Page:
Over two years before the 2020 election, progressives began organizing to make sure we were ready to influence this process regardless of who became the Democratic candidate. These efforts were fueled in part by Senator Elizabeth Warren’s mantra that “Personnel is politicsAnd the growing awareness that the right people have the power to do it lower prices for prescription drugs, Modify or grant student loans, Putting billions of dollars into green energyand other powers of the executive branch to use Finish tasks for the American people.
We knew we had to do two things – in case progressive candidates were a viable choice, and then make the selection easier for the Biden Transition team.
To accomplish the first task, the Progressive Change Institute (the organization I co-founded) examined hundreds of individual positions to determine what skills and expertise were required, why the positions mattered, and what progressives in those agencies and offices could do if they exercised executive power. We released one 90 page report that became widespread with the progressive community.
With this research we have turned to our second task. We used open source software to create a custom database of over 9,000 administrative positions that can be synced with our recommended list. We then reached out to our allies throughout the movement asking them to nominate diverse, competent and recognized experts with a track record of results. Our database was possibly the most groundbreaking, allowing the groups to support the mutual nominations, giving the Biden team great support for specific recruiting.
Over 60 groups worked together in this database, including racial justice groups such as Color of Change and Liberation in a Generation. Climate leaders like Sunrise and Friends of the Earth; Interest groups such as Indivisible, MoveOn and People’s Action; Think tanks such as Demos and the Center for Economic and Political Research; Corporate watchmen like Public Citizen and Amazon Watch; and farming groups ranging from Family Farm Action to the Ohio Ecological Food and Farm Association. We also benefited collectively from the participation of regional groups nominating talented local experts who might otherwise have been overlooked by national efforts.
From this process the Progressive Change Institute developed a list of over 700 names (all visible at TransitionNames.com), which we consider a long-term list of future leadership. We presented the list to the Biden transition team with BIOS, the specific recommended positions and the list of organizations that endorsed each recommendation, showing a visible map of institutional and grassroots support behind each candidate.
An early challenge was that Talking topic, driven by big businessthat Biden had to hire corporate lobbyists to achieve his diverse management goal. We had to do the case differently. We have published our own list publicly – and reporting in The New York Times, Associated Press, abc news, Politicoand others helped counter-narrate this argument, showing that it was possible to hire both diverse and skilled staff based on civil service.
Different voices leaned into different areas throughout the movement. The revolving door project tracked and highlighted problematic potential candidates like Rahm Emanuel who raise the alarm in the media every day and help pave the way for important dates like Rahm Emanuel Janet Yellen for finance ministers and Ron Klain for the chief of staff (who was the preferred choice of the progressives in Biden’s inner circle). Native American activist Julian Noise Bravecat and an alliance of progressive and indigenous grassroots groups led a powerful and ultimately leading one successful campaign in support of Deb Haaland’s appointment as Home Secretary. Others played important roles Agency review teams. Organization and communication were central throughout the process.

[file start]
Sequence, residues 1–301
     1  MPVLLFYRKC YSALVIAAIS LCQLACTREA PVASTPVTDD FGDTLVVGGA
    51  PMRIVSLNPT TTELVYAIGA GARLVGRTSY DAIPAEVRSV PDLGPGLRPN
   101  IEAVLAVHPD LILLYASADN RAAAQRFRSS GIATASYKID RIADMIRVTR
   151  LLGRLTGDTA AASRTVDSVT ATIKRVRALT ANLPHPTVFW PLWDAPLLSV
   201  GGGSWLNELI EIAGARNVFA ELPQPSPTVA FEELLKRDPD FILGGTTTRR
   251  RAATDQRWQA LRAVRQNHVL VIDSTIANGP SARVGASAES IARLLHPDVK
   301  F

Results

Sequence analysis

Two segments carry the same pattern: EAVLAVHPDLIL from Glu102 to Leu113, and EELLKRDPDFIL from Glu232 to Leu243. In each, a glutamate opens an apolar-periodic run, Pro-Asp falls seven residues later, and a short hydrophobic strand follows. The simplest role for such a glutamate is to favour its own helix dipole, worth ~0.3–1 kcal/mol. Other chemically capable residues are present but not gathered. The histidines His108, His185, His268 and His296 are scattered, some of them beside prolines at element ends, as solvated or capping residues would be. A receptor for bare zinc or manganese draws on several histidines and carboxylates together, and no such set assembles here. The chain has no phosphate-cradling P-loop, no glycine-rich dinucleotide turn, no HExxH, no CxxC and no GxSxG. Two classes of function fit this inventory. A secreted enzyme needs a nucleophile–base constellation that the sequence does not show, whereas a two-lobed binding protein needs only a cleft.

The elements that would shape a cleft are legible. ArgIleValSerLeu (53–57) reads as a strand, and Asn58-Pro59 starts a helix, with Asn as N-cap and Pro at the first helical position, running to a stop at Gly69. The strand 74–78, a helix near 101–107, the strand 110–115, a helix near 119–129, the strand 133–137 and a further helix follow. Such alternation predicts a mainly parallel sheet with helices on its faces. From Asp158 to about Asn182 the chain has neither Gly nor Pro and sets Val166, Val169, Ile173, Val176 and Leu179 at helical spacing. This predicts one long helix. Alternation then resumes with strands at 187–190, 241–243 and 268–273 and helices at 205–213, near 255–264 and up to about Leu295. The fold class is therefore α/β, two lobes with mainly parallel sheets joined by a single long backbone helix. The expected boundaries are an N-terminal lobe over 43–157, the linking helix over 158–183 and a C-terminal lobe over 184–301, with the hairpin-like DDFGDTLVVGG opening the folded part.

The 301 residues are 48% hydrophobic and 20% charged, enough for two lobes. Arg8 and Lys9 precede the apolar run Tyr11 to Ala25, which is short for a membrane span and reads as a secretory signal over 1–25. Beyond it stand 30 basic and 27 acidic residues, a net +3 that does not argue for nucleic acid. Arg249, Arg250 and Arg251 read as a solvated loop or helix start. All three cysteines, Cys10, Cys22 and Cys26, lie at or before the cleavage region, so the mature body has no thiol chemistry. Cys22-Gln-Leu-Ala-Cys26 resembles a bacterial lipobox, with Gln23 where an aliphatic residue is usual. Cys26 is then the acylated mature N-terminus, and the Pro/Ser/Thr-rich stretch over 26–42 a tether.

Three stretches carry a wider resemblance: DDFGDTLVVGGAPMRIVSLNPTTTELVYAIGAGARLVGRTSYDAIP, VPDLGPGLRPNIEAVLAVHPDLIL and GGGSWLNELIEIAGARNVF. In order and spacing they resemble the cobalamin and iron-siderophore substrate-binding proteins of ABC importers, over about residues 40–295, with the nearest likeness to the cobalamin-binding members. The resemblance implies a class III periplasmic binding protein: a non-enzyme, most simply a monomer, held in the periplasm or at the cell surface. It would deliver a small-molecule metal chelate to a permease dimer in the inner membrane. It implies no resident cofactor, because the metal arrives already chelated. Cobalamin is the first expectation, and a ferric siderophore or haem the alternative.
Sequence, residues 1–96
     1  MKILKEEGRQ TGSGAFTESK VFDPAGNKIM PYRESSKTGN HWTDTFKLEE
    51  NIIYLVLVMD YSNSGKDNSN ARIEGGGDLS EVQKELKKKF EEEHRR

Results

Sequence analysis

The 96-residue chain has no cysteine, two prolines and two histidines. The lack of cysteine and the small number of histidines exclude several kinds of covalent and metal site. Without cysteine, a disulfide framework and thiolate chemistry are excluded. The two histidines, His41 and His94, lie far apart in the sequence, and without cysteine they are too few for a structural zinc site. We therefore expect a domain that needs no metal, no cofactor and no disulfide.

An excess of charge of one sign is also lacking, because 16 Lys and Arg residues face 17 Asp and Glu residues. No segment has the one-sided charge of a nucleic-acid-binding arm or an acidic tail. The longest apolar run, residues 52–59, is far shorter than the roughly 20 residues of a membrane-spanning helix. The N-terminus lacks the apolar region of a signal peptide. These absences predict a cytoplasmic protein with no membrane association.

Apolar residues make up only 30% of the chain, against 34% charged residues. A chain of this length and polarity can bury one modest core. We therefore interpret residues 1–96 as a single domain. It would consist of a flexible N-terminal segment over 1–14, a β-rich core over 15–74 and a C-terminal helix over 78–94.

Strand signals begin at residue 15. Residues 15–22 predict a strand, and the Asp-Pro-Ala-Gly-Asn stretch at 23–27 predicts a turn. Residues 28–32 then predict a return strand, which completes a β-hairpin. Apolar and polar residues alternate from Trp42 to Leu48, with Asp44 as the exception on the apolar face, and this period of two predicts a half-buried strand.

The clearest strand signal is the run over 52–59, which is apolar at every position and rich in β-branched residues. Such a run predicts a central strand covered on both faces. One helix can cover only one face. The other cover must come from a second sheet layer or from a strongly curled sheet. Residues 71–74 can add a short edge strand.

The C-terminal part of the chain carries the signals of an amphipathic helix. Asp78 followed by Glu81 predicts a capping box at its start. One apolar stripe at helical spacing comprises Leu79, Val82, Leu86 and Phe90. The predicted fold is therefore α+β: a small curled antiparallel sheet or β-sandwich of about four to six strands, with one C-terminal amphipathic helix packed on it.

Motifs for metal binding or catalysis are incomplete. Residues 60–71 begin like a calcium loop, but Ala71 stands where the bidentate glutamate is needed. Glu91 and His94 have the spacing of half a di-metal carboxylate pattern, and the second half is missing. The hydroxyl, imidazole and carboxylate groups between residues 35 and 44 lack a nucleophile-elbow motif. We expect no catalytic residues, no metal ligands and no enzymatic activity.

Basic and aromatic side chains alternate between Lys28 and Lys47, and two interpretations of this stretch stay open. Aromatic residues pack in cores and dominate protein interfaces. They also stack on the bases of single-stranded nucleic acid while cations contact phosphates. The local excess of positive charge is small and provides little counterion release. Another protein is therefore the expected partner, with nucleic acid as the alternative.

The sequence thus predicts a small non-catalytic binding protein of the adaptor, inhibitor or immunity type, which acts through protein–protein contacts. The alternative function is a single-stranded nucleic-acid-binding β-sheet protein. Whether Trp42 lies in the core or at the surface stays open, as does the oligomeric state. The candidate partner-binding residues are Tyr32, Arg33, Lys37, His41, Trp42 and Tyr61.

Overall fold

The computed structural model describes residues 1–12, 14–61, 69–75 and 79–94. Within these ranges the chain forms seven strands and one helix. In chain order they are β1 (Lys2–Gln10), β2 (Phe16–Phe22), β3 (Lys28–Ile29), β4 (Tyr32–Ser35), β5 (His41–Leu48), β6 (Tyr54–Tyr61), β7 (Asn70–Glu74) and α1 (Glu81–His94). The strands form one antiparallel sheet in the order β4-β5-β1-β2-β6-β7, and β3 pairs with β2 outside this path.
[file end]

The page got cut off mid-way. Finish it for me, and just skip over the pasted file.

Given the scale and scale of the effort, even members of Congress began to campaign publicly for under-the-radar appointments. For example, representatives Jamaal Bowman and Ayanna Pressley recently had one op-ed in support of Mehrsa Baradaran for Comptroller of the Currency, a relatively dark but critical position in the finance department.
As Biden turned to the sub-cabinet positions, in which we had invested most of our time and effort, we saw a deluge of success. Progressives celebrated the appointments of Rohit Chopra Head of the Bureau of Consumer Financial Protection Bharat Ramamurti as deputy director in the National Economic Council, Julie Siegel as deputy chief of staff of the finance department, Maggie Thomas as chief of staff in the White House’s domestic climate policy and Sasha Baker as head of strategic planning in the National Security Council. Heather Boushey, Jared Bernstein, Joelle Gamble, Cecilia Rouse, Michael Linden and many others with progressive track records have been named key roles in business, work and climate.
It is clear that we have chosen the right year to take this point of view. Our movement is more powerful than ever, and Biden clearly wants it a relationship with progressives (Not to mention a successful presidency.) Our job was to make it easy for him and his team by bringing in the work and handing over highly skilled and diverse progressives on a silver platter. While the process is still ongoing and we certainly are not enthusiastic about any choice of BidenSo far there has been a lot to celebrate in many of the dates.
staff is Politics. This campaign marks a new moment of sophistication for progressives, a new understanding of executive power – and a new way to get results.